Students prepare for the annual HOSA blood drive

Health Occupations Students of America, better known as HOSA, is a Chantilly Academy course that holds a blood drive at the school every year for students. Last year, HOSA received over 200 units of blood from students. Each unit saves three lives. This year the annual blood drive will be held on Wednesday, March 16 and Thursday, March 17.

“We are always in need of blood, especially for emergency situations,” health sciences teacher Lori Manik said.

HOSA students begin learning about the blood drive early in February to be prepared for the event.

“[Students] should donate blood because it can be so important for someone who needs it,” junior and HOSA student Sofia Gonzalez said. “[Blood donations] can save a life.”

Blood is always needed for hospitals to use. According to the American Red Cross, every two seconds someone in the United States is in need of blood.

“Many people need blood transfusions for [procedures] like surgeries, transplants and major injuries,” junior and HOSA student Michelle Ugalde said.

Certain blood types may also be limited or scarce. For instance, according to the American Red Cross, the blood type most often requested by hospitals is type O, but it is in short supply. Type O negative blood, or red cells, can be donated to patients of all blood types.

Students in HOSA work hard to encourage students and faculty members to give donations and help save lives. Advertisements and promotions are spread all around the school to encourage students to donate.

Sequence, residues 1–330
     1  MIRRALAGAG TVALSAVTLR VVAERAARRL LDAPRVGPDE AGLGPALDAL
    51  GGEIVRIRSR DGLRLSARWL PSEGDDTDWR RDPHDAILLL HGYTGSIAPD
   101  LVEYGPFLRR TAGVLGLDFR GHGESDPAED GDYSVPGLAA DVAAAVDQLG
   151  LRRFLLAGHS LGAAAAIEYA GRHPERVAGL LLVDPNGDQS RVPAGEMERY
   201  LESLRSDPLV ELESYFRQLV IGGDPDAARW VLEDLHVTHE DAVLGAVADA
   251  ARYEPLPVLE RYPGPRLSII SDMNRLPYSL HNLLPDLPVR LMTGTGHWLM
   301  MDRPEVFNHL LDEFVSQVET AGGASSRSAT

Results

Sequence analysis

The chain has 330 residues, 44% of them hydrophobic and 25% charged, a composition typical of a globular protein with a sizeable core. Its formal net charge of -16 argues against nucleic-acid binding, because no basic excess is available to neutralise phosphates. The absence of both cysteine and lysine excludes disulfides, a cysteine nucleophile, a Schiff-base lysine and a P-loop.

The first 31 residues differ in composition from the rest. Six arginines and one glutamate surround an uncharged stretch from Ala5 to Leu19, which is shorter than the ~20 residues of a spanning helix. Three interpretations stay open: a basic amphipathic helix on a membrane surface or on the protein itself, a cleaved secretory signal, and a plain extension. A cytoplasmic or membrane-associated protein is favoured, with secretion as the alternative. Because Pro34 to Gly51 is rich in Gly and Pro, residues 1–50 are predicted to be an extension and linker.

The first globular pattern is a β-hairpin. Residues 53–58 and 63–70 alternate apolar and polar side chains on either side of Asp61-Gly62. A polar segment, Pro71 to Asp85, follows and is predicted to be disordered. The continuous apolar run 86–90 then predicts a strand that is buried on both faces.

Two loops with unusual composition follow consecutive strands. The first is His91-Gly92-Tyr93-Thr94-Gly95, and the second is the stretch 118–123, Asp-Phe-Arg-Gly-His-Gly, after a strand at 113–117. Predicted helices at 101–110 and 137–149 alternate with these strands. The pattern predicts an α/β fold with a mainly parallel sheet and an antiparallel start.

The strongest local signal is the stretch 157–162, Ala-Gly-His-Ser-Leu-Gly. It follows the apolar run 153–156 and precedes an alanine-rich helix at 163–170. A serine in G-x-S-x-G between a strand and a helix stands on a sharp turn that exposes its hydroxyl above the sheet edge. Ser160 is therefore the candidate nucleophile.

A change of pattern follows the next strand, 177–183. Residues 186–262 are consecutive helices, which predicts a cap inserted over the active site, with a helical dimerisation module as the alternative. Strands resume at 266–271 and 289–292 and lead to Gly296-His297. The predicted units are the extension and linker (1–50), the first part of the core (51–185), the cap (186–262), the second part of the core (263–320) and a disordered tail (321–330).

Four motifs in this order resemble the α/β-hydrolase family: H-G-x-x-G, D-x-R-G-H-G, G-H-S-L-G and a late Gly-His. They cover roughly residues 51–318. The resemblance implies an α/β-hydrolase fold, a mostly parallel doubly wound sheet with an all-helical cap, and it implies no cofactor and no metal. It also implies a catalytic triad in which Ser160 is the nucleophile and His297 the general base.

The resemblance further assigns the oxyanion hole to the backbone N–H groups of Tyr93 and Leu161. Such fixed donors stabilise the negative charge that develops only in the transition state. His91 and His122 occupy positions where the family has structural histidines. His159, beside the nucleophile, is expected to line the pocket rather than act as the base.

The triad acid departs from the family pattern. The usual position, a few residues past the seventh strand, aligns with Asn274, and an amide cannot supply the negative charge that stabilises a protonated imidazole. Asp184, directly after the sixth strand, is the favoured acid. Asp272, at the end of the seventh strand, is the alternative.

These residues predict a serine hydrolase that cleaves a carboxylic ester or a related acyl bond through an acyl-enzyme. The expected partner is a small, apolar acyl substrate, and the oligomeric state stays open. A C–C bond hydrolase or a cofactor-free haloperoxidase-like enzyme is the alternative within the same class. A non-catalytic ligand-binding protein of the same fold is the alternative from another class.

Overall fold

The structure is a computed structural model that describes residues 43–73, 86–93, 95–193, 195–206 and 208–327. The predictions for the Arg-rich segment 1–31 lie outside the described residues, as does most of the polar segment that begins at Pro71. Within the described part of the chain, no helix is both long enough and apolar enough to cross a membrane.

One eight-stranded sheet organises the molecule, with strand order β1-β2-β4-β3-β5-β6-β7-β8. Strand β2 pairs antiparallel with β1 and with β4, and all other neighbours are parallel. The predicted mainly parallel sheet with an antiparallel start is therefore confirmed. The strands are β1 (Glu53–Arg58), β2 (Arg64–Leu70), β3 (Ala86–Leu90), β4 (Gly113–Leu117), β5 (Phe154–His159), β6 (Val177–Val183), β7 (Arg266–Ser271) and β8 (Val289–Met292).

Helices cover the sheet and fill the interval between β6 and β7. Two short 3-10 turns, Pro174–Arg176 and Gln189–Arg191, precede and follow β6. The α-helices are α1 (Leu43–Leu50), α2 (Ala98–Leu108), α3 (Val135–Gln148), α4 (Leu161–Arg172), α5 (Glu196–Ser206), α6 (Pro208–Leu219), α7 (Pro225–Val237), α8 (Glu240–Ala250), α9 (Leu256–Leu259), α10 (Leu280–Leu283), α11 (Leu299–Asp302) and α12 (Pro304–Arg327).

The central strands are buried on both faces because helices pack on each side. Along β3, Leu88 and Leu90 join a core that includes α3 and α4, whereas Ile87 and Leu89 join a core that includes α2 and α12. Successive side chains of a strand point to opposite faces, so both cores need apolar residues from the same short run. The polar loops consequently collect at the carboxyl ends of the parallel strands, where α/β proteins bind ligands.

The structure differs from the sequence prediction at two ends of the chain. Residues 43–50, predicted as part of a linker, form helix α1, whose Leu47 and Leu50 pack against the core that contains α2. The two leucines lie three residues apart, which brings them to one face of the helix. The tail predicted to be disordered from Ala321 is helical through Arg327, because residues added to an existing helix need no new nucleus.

HOSA students also work interactively with the school to promote the drive.

“[HOSA] students will start signing people up during lunches about a week before [the drive],” Manik said.

Certain requirements are needed to participate in the blood drive. When arriving at the drive, students must have a parental consent form and photo ID ready to show to the administrator. The drive is held in the lecture hall, where the donors will be expected to fill out two pages of questions about their health history. HOSA asks that each donor eats a healthy amount of food before donating. The donor must be 16 and must weigh at least 110 pounds.

Prospective donors are individually called into an area where they will privately go over questions with a phlebotomist, a person trained to draw blood, who will determine if the student is eligible for donating. The phlebotomist will then check the donor’s hemoglobin, the protein molecule or iron in the blood. If there is enough, the donor is then taken to an area where a pint of blood will be drawn from the arm.

“After [the blood is drawn], it is stored and distributed throughout a certain hospital and is given to patients in need,” Ugalde said.

Before being distributed to patients in hospitals, each unit of blood is tested and screened to ensure that it is safe for use.